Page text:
Hailey police officers won't be trying to bust anyone for smoking marijuana in the privacy of their own home from now on—not since the City Council adopted three weeks ago a lowest-police-priority ordinance with regard to misdemeanor marijuana offenses.
Passage of the new ordinance comes too late for David Marks, who was arrested in August 2009 when Hailey police officers smelled marijuana when Marks opened his front door for them. The cops were looking for someone else, but entered the house and searched it when they reportedly smelled pot smoke.
Felony charges against Marks for possession of more than 3 ounces of marijuana were later dismissed as part of a plea agreement, under which Marks agreed to plead guilty to a misdemeanor charge of possession of drug paraphernalia.
Marks, who police records report had more than 6 ounces of marijuana in his possession, was sentenced to six months unsupervised probation. He was ordered to pay a fine, restitution and court costs totaling $587.50, to perform 100 hours of community service and to undergo drug counseling.
Hailey Police Chief Jeff Gunter said this week that under the new ordinance, Hailey cops would not have entered Marks' residence in search of contraband.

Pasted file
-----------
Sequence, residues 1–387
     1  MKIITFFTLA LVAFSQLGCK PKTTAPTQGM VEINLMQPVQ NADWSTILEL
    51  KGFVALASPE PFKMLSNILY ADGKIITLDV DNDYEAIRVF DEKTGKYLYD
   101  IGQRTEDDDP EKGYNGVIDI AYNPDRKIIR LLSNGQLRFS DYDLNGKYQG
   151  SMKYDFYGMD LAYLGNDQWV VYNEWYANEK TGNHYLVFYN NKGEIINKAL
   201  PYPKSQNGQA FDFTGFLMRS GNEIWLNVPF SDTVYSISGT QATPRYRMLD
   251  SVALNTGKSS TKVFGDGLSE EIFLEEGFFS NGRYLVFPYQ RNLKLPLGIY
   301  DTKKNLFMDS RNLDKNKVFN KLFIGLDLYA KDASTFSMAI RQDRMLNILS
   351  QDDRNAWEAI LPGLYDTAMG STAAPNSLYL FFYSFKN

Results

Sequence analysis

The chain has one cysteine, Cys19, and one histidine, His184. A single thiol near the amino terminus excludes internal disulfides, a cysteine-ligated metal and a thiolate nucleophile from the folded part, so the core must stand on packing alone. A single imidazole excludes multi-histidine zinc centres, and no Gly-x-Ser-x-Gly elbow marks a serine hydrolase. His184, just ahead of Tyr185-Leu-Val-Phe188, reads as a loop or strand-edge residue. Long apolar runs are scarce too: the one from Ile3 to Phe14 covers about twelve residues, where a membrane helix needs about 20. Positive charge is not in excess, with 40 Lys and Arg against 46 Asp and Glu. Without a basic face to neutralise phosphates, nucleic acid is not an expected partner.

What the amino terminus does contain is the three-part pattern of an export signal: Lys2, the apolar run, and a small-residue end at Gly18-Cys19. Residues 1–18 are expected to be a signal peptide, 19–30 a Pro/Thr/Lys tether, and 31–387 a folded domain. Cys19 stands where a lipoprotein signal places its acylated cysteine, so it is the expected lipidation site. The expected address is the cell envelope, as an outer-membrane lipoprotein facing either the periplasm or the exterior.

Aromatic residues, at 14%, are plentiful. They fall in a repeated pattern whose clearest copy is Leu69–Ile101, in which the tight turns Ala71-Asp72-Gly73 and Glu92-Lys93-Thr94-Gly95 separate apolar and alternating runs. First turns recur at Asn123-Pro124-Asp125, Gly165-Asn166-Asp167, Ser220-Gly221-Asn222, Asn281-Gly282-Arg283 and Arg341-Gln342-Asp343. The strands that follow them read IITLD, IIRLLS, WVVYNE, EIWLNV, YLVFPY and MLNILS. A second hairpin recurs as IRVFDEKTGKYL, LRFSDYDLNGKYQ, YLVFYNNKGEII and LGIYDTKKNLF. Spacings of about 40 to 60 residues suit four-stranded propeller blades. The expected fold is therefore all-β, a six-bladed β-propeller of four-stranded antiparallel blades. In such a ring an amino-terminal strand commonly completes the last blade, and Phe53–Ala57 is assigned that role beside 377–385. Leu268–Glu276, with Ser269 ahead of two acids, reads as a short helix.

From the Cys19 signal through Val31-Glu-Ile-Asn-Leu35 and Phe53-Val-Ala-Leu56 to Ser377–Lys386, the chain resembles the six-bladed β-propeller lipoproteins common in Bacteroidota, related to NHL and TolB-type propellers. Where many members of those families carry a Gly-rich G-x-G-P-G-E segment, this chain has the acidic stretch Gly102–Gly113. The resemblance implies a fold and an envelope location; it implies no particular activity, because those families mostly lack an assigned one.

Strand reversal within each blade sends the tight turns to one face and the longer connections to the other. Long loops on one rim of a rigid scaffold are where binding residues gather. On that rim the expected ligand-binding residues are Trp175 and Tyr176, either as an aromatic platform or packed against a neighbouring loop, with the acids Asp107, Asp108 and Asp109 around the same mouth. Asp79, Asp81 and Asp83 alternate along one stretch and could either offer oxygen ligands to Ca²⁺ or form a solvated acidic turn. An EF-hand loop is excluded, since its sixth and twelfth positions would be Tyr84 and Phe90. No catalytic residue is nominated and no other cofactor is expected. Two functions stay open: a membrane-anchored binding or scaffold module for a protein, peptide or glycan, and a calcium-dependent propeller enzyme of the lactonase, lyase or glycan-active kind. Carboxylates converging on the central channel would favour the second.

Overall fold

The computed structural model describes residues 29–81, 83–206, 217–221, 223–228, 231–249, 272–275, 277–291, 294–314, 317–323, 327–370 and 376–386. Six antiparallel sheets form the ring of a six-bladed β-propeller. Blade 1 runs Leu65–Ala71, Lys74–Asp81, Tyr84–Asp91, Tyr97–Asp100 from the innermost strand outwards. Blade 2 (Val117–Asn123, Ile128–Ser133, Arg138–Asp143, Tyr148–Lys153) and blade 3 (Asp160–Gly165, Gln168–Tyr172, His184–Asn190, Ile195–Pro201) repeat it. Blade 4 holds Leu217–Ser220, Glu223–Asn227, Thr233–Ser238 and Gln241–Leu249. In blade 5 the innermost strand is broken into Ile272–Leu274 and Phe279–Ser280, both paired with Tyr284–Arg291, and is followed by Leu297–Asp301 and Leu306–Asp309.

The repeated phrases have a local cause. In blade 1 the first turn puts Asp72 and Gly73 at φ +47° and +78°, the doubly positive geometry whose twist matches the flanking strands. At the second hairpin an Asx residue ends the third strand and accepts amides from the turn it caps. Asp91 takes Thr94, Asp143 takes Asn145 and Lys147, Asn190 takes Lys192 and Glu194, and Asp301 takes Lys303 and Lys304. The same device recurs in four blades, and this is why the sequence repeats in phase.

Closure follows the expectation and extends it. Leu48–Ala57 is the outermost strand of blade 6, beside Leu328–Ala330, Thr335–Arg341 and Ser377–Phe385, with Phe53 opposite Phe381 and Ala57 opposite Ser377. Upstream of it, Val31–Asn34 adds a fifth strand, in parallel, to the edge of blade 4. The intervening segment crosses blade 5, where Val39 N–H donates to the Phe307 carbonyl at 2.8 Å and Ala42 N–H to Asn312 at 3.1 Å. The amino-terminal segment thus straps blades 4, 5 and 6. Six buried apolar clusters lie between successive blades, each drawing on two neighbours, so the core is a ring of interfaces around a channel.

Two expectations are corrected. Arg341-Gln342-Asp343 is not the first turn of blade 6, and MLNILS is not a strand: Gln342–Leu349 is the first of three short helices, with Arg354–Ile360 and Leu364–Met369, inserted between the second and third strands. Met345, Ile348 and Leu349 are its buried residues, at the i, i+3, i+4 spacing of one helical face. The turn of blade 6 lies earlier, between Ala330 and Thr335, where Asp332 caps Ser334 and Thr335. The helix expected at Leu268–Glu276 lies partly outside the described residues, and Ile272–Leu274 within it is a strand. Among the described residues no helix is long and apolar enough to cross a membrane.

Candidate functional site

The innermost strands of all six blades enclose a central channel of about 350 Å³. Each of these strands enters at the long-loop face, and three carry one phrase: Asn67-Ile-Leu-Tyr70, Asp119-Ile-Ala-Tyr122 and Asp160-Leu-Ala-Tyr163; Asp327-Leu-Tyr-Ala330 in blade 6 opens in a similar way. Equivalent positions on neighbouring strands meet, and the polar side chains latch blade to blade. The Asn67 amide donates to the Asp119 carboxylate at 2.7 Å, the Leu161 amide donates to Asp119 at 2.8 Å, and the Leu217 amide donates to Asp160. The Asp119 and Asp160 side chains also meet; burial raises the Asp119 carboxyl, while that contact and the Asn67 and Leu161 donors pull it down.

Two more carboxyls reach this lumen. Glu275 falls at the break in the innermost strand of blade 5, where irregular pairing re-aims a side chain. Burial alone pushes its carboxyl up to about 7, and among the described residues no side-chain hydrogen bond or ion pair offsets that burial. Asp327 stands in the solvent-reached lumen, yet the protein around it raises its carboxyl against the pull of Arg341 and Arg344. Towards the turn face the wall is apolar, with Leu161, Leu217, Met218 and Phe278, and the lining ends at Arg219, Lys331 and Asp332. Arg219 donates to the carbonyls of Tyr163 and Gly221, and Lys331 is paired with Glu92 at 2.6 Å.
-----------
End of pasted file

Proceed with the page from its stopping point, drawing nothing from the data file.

"We would have just walked away," Gunter said. "We have to retrain officers on how we do things. Pretty much anything else we do now ranks as higher priority. Marijuana on private property ranks below crosswalk violations, traffic infractions, theft."
"This is the first time an Idaho town has taken such a move to decriminalize marijuana offenses," said Ryan Davidson, the Garden City man who got four marijuana legalization initiatives on the Hailey ballot three years ago.
Three of the initiatives were passed by voters twice. They proposed allowing the use of marijuana for medical purposes, legalizing industrial hemp and making enforcement of marijuana laws the lowest priority for Hailey police.
Portions of all three ordinances were redacted by 5th District Judge Robert Elgee, but a marijuana oversight committee was formed and charged with gathering information and making recommendations to the City Council on how the city should handle issues regarding marijuana policy.
In February, the committee decided to pursue a revival of the lowest-police-priority ordinance by asking Mayor Rick Davis to adopt it in some form. The mayor complied, after taking comments from Gunter.
"This is significant because any government action that goes against existing marijuana laws is unusual and represents a sea change in thought," Davidson said.
Seattle, Denver and Missoula County in Montana have similar lowest-police-priority laws, enforced by committees like the one in Hailey.
The Hailey Marijuana Oversight Committee members are Peter Lobb (president), Tom Hickey, Steve England, Joanie Allen and Frank Halverson.
They will meet later this month and make a formal statement in response to the new ordinance.
Tony Evans: email@example.com